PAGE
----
My tatting of this wonderful floral snowflake is not without mistakes. I was so focused on the split chains that I failed to follow the stitch counts properly for the outer round, but the chains are long enough that it still has a nice look to it. 

TWoT notes: I tatted this snowflake using traditional tatting. When I reversed work after the central ring, I started tatting the design from the back so progression was in a counterclockwise direction. However, each split chain segment moves in the opposite direction so there is a small segment of chain in each of the inner chain rounds that moved clockwise again before I started the next chain round. 

Woo Hoo! I can be a bit obsessive sometimes and I hated skipping a number. :) Now I can move forward again with confidence that the next split chain is not going to trip me up.

Happy Tatting!

Thursday, October 20, 2016

Laurel Leaf and Mirror Image

Spoiler alert: If you are working on muskaan's This Way or Tat series, and wish to complete the challenge of creating a mirror image of the Laurel Leaf on your own, read no farther!

Motifs #2 & #3 in 3rd 25 Motif Challenge of 2016
size 20 Cecelia, sage green

The tatting is still damp from spritzing and finger pressing, but I'm so excited I just had to post this right away. 

Have you ever persisted in doing something just to see if it could be done? Some of you might have figured this out right away, but it would have spoiled my fun had I asked you how to do it. (Hence the spoiler alert above.) 

The background: You see, it's obvious to me that there are a lot of tatters who prefer to use traditional double stitches. That's fine. It's my own preference most of the time, and there is no right or wrong method.  I knew that I could use RODs to create a mirror image. (Muskaan shares more about this method in her blog.) My challenge to myself was to do it with traditional double stitches only. 

I won't tell you some of the many things I tried before it suddenly occurred to me to tat it from the bottom up! I began with a true ring just as I did with the first one, but I was actually starting the tatting from the back. The tatting of the double stitches in the rings must be in reverse order, but that is really easy to see in the diagram--instead of that bottom ring being tatted 3+6-9, it had to be tatted 9-6-3 with the last picot being very small for joining the bare thread as I worked my way up. That same rule holds for all of the rings. I left the shuttle thread attached to the top ring of the mirror image so you can see where I ended. The final thing I needed to do was to bring up the starting tail and join it to the bare thread between the two base rings.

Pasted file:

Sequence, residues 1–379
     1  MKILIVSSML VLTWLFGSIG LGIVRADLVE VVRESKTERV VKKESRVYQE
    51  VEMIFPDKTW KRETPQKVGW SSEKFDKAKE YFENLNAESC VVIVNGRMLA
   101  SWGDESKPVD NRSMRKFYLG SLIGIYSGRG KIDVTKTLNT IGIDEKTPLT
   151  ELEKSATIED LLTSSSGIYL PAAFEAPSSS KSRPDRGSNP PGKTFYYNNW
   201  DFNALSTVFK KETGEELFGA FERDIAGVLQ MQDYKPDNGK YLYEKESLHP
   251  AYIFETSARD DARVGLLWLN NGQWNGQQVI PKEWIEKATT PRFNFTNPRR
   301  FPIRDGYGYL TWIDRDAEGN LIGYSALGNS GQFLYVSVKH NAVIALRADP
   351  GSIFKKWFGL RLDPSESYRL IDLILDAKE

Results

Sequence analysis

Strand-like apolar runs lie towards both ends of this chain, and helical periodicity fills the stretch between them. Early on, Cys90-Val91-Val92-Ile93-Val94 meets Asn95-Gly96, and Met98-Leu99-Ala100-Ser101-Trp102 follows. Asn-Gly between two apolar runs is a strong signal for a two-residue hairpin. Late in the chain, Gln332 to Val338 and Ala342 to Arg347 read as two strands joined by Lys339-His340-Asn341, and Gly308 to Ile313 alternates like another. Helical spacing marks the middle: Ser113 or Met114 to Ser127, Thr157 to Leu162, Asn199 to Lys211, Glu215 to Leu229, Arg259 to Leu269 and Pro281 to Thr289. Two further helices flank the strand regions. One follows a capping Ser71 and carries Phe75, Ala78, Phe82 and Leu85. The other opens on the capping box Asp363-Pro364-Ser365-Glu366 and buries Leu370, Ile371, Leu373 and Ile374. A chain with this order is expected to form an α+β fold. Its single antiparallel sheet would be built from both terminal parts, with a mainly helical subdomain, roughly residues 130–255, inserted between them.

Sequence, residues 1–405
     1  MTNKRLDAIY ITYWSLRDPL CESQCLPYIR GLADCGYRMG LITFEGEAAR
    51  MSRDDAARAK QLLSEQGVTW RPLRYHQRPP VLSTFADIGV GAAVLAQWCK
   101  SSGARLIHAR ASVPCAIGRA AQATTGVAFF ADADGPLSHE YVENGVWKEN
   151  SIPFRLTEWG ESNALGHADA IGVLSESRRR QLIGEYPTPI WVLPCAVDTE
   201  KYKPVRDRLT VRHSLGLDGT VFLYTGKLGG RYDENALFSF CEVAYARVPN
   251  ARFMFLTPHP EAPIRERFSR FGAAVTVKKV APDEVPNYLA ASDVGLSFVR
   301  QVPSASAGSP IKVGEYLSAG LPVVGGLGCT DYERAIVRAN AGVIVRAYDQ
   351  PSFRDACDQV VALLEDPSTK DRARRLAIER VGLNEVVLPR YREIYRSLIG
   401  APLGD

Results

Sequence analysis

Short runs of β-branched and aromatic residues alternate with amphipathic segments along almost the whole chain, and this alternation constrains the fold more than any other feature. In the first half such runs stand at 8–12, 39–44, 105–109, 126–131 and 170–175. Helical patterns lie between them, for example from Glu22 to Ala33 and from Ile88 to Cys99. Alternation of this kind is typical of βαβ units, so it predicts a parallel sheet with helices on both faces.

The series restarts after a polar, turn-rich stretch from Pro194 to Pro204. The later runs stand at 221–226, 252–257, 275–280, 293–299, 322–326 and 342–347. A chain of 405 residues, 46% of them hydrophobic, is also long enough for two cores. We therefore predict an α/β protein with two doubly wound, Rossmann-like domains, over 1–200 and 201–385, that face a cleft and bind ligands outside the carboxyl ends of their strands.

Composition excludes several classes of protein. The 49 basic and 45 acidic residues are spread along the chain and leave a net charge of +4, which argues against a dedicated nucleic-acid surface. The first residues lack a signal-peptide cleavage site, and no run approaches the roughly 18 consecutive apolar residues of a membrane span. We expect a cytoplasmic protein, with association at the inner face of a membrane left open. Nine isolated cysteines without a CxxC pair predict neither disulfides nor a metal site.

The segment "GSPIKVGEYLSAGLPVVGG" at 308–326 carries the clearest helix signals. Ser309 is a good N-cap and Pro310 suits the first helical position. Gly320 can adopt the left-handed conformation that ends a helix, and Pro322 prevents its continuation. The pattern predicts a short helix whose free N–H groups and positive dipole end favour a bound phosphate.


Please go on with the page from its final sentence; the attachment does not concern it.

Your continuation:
1) By starting both leaves with true rings and reversing work as instructed in the pattern, when the leaves are posed as above, the outer rings of each leaf are 'face down' and the inner rings are 'face up,' making the top ring of each leaf face up. 

2) TWoT direction in this project is very straightforward. Movement is down in the original leaf and up in the mirror image above.

Happy tatting, everyone.

Sunday, October 16, 2016

Candle from Mohler Square & TWoT Observations

Candle adaptation using Rachael Mohler's Hen n Chicks Square
Threads: Green size 20 Cebelia, Red size 20 Manuela, 
Variegated Gold/White size 20 Manuela 
with strand of Gold Kreinik Blending Filament

This was my first attempt at Rachael's square which uses her alternative method for a single shuttle split ring. You might remember that I've been struggling to relearn the split chain, but the knots just clicked for me in Rachael's square. Maybe I've ended my split chain problems. I certainly hope so.

I experimented by starting these squares at different places. Both of the efforts to the left in the image above began with the large ring in the corner. As expected after my previous ring only experiments as part of muskaan's This Way or That Set 1, the work after this ring progressed clockwise. 

In the red square that I've attached to the green one, I decided to start with an inner ring. As you can see from my arrow in the above picture, the work progressed counterclockwise as in my previous experiments with beginning with inner rings. By choosing to begin at a ring that is a SSSR in Rachel's original design, I was also able to test how the split rings look compared to a true ring in the same location. See if you can find the ring in the candle picture above. I'm very pleased with the result. 

I considered tatting additional squares to make a bookmark or a square mat. I even considered laying the squares on their sides and adding little bows to the top of each so that they looked like gifts. I finally settled on the candle ornament above, adding some blending filament to the variegated gold and white thread to create a flame on the top.

Conny Pheiffer's Angel
Motif #2 of 3rd 25 Motif Challenge
White size 30 Cebelia

I got one other item tatted this week. Cornelia Pheiffer gave me an opportunity to test tat this pattern for her. It is a well-done design, and she offers the pattern for your free use. Thank you, Conny!